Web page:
By: Kevin Duffy
In last month’s newsletter, we explored the pros and cons of single ply roof systems. In this second installment of Sullivan Engineering’s series on the pros and cons of various roof systems, we will explore modified bitumen membranes.
There are 2 basic types of modified bitumen membranes, Styrene butadiene styrene (SBS) and atactic polypropylene (APP).The main difference between the 2 systems can be boiled down to the fact that the SBS is considered “rubber” meaning it is elastic, while the APP is more rigid and considered “plastic”. The main disadvantage to the APP is that due to it’s “plastic” nature, it is more susceptible to damage in colder climates because it becomes brittle.
Due to the fact that both systems exhibit mostly the same advantages and disadvantages, they will be lumped together for the purposes of this article. The modified bitumen roof systems can be installed over any structural roof deck, however the approach can vary. For wood decks, using a torch is dangerous and illegal in some municipalities, therefore, cold applied adhesives are generally used. Over metal and concrete decks the membranes are usually torched down, but could require a fire watch, again depending on local building codes. Recently, some manufacturers have introduced a self-adhered base sheet that makes installation quicker and more cost effective. The modified bitumen membranes utilize 2 or 3 layers, which introduces redundancy into the system. This means that if the cap sheet (top layer) is damaged, the base sheet will not allow any water past it, preventing a leak. The flexibility of the SBS modified bitumen roof system makes it an ideal fit for climates that have a large temperature swing between summer and winter. The redundancy of the modified bitumen systems makes them ideal for installation under various types of overburdens, such as pavers or roof top gardens, as they are more durable and will last longer than the typical single ply roof system.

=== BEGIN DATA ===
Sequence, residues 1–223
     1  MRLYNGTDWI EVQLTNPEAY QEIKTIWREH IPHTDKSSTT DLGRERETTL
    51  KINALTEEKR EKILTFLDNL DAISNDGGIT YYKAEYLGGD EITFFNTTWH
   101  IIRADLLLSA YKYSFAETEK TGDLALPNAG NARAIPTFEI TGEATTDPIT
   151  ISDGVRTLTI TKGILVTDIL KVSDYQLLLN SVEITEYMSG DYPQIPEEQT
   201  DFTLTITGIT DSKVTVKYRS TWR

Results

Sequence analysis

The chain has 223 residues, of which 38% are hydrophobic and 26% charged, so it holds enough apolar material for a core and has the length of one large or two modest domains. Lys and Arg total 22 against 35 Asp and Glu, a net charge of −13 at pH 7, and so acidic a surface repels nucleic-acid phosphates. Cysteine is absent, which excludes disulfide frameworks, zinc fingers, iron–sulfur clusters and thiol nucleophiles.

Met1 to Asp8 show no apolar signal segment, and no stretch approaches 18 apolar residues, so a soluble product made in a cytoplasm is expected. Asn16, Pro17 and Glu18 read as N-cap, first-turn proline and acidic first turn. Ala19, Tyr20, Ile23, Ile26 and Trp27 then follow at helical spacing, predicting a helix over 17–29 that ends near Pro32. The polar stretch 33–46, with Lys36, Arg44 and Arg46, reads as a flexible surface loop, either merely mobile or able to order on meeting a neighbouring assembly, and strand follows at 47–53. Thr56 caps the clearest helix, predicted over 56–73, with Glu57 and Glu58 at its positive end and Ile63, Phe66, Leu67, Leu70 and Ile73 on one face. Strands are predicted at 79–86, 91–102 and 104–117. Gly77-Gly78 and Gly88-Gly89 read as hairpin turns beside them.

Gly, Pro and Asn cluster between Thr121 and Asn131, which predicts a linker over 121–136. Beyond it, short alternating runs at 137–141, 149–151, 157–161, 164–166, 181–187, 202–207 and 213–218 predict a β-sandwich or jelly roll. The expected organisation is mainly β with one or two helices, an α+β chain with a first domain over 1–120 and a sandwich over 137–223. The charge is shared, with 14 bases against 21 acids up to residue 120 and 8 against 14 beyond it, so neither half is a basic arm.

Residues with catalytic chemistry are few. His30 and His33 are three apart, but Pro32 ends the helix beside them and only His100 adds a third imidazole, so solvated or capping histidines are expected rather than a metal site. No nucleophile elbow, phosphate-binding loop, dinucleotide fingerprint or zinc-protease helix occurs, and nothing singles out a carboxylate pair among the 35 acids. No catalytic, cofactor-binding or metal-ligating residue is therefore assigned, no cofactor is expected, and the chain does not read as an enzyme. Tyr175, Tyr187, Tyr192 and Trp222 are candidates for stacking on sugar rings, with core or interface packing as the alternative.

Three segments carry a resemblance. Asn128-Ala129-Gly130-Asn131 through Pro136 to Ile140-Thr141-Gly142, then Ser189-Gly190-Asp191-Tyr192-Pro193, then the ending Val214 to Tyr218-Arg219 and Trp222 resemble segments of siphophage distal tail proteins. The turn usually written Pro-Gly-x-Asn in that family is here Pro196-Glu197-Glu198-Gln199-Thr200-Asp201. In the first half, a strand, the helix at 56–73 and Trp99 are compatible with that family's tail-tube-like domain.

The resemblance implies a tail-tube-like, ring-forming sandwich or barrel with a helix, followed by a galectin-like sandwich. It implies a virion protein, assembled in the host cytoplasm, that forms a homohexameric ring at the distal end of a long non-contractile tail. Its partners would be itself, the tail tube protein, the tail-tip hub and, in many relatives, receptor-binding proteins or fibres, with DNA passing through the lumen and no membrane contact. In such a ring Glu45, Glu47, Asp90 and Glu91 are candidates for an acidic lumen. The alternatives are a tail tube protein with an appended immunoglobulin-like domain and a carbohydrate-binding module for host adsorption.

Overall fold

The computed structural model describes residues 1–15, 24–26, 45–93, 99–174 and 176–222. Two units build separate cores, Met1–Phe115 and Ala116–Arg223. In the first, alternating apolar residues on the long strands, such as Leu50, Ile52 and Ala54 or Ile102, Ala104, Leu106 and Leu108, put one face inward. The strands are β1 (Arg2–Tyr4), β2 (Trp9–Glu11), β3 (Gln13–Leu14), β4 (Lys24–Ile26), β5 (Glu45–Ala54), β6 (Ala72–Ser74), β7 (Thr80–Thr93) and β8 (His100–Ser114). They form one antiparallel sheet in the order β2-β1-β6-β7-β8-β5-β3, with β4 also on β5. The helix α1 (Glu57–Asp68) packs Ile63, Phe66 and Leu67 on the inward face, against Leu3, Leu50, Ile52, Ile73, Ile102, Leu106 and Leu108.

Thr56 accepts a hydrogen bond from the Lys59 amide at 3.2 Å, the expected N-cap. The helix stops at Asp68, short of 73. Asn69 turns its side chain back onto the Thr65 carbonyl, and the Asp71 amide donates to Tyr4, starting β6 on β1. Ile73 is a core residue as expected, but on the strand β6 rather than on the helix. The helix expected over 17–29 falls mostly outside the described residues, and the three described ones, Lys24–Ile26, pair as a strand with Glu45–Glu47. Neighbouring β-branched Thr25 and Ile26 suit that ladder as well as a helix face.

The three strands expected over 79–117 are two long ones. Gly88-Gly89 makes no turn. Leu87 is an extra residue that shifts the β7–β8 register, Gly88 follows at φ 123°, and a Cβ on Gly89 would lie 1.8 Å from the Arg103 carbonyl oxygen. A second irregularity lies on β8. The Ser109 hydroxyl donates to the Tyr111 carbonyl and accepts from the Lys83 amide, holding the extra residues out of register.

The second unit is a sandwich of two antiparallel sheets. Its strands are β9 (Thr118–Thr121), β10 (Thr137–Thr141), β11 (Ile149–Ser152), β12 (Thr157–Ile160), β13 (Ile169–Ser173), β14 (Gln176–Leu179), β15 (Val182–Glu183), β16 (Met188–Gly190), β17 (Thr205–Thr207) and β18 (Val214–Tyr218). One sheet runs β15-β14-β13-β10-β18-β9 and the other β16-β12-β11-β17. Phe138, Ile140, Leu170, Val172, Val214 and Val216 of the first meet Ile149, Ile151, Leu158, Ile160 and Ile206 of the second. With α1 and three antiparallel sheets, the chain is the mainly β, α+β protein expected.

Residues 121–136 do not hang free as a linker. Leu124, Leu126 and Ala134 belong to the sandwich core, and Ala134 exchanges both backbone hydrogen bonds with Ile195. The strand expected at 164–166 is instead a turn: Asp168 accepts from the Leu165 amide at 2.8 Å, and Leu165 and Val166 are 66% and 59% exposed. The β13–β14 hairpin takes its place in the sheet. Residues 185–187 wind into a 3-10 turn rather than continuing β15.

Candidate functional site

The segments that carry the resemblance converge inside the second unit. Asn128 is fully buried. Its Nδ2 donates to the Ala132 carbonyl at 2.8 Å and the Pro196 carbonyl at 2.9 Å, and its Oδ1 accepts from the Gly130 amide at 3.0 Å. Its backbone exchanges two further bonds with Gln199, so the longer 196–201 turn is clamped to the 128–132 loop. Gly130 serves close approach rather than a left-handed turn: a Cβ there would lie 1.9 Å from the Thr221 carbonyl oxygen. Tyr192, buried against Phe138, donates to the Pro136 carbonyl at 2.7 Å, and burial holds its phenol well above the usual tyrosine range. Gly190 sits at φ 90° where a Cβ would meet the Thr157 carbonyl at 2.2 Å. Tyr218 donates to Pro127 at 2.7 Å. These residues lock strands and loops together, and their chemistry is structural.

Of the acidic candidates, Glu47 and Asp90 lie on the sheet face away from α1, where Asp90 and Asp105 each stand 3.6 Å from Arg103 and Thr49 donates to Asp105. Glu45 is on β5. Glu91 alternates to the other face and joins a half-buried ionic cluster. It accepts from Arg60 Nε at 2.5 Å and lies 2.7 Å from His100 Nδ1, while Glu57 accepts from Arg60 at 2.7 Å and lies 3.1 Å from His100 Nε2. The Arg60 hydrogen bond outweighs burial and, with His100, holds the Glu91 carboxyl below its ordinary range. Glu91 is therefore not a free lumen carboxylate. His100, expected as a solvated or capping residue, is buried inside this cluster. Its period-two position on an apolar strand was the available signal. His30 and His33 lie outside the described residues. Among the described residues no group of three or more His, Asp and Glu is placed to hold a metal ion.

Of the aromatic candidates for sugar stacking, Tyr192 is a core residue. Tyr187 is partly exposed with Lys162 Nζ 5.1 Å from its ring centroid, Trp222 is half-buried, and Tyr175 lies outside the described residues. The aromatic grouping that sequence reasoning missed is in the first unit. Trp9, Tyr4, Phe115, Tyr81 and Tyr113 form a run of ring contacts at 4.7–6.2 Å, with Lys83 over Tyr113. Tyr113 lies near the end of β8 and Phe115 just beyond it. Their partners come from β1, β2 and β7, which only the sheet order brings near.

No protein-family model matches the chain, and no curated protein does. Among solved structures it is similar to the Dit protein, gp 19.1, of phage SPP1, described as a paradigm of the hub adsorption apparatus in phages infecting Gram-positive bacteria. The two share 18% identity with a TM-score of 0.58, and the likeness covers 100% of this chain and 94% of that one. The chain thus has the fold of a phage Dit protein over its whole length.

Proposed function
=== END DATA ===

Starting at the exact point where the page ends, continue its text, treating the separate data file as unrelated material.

One of the drawbacks of the modified bitumen roof systems is the price of installation. Due to the redundancy mentioned earlier, the cost increases since you are essentially installing 2-3 “single” plies on your roof. Another drawback to the modified bitumen systems is that there is no set of composition standards, meaning different manufacturers can make their products completely different from one another. Resulting in a wide range of products on the market and some could be lower cost, but could lead to premature failures due to the blend of chemicals in the sheet. It is recommended to that a reputable contractor and/or engineer/architect be retained when dealing with modified bitumen roof products, as these professionals will help you select the right modified bitumen manufacturer and sheet, ensuring the roof remains waterproof for many years to come.
In addition to helping choose the right product, a reputable contractor and engineer/architect can ensure that the new roof system is covered by a warranty. Sullivan Engineering recommends always getting a 20 year no dollar limit warranty from the manufacturer. This warranty ensures that the full cost of the roof will be covered and it will not be pro-rated. For more on warranties, see Adam McManus’ post on Exclusions in Low Slope Roof Warranties.